Home / A&E / Classical Music and Dance / MSO Sets Sail on a Sea of Sound

MSO Sets Sail on a Sea of Sound

Nov. 22, 2010
Google plus Linkedin Pinterest
The fact that Peter Tchaikovsky’s (1840-93) Violin Concerto in D Major, Op. 35 (1878) is both melodious and structurally sound attests to the resilience of its creator, for it was composed shortly after Tchaikovsky’s disastrous marriage and abortive suicide attempt. The D Major Concerto fairly teems with glorious melodies: expressive, lovely, rousing, folk-like. As music writer Roger Dettmer has observed: “No Russian composer before or since Tchaikovsky has ended a concerto with greater finesse and panache.”

The poetry of Walt Whitman remained a lifelong inspiration for British composer Ralph Vaughan Williams (1872-1958). In 1909 he completed what would be the grandest Whitman setting of his life: A Sea Symphony, wherein he fashioned a huge score that complements some of the finest choral writing of its era. A Sea Symphony traces the human soul’s journey through life as a ship sets upon a voyage into uncharted waters.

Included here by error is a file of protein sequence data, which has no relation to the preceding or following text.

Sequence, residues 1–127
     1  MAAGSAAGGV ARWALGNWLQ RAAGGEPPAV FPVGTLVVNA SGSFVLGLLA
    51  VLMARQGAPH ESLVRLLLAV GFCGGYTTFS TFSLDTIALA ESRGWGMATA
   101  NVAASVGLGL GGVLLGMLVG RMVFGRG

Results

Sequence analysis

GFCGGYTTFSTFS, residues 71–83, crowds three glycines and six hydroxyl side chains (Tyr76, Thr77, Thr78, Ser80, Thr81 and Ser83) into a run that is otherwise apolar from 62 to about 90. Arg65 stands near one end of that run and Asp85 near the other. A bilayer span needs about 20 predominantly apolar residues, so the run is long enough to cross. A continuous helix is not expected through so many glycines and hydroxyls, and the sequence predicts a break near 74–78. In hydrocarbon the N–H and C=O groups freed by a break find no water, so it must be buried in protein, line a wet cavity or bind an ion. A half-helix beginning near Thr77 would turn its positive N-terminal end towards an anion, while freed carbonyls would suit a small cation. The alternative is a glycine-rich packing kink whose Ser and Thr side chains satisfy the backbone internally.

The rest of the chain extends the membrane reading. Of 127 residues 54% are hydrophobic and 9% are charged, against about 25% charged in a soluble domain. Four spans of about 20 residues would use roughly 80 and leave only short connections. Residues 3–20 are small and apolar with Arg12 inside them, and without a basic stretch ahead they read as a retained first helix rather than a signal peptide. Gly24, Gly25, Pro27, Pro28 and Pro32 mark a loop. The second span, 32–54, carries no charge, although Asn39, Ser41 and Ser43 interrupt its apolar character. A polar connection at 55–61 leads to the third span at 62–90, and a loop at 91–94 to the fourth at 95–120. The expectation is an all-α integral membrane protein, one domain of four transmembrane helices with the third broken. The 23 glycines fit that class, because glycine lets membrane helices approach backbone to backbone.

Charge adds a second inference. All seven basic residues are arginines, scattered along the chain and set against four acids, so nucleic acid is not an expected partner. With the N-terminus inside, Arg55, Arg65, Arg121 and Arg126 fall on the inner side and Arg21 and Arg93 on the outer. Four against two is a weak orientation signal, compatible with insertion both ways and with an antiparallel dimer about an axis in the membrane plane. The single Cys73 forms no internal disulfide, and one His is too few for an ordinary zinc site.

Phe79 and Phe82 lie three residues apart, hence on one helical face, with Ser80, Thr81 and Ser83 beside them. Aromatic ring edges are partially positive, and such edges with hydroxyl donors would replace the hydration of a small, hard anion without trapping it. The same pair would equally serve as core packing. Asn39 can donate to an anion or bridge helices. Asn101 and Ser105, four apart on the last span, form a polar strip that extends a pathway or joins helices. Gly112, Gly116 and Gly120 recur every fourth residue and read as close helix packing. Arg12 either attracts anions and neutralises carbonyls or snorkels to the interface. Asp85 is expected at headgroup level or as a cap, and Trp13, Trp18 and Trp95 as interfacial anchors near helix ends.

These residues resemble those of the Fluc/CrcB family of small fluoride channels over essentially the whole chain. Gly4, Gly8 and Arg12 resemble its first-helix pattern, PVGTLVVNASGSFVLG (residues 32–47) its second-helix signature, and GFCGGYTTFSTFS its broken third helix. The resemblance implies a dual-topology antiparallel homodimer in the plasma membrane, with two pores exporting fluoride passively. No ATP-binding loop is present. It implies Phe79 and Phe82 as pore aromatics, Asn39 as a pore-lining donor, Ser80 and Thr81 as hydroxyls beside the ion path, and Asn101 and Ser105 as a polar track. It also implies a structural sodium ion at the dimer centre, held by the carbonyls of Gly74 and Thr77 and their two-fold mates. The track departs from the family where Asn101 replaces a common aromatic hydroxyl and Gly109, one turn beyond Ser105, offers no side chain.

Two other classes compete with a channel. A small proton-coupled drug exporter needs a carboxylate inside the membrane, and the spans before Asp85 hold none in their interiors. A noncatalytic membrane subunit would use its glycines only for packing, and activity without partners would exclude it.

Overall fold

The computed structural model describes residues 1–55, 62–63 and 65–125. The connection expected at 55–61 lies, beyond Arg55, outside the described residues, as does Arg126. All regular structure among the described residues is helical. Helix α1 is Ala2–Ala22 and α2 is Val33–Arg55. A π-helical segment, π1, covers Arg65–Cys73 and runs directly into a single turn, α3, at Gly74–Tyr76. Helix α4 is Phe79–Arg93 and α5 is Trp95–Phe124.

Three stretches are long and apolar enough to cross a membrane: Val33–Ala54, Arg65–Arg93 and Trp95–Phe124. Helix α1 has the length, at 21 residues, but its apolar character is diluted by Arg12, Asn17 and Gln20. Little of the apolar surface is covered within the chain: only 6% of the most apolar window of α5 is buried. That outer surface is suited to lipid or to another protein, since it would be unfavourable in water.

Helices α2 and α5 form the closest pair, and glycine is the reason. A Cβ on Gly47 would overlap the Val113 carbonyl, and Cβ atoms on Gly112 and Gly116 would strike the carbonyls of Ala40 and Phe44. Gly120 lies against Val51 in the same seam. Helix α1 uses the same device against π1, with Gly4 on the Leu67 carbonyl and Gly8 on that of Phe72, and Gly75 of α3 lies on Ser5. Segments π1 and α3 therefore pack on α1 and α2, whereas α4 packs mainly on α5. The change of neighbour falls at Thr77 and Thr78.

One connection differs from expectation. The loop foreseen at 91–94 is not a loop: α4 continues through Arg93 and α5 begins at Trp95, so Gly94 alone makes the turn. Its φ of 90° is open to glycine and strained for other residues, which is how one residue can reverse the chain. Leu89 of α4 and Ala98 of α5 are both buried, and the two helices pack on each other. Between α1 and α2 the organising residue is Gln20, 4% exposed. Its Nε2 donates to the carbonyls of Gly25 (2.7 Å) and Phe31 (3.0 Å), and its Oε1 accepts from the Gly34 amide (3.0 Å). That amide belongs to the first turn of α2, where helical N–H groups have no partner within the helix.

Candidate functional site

The Milwaukee Symphony Orchestra under Maestro Edo de Waart performs both these magnificent works Nov. 26-27. The violin soloist for Tchaikovsky’s concerto is Kyoko Takezawa; soprano Christine Goerke, baritone Hugh Russell and the MSO Chorus join in for the Vaughan Williams symphony.


The U.S. Supreme Court announced that it will hear the case to determine if Wisconsin Republicans’ redistricting maps are too partisan. Do you believe the U.S. Supreme Court will order Wisconsin to redraw our legislative maps so the majority of legislative districts are competitive and voters will actually have a real choice between a Democrat and Republican?

Getting poll results. Please wait...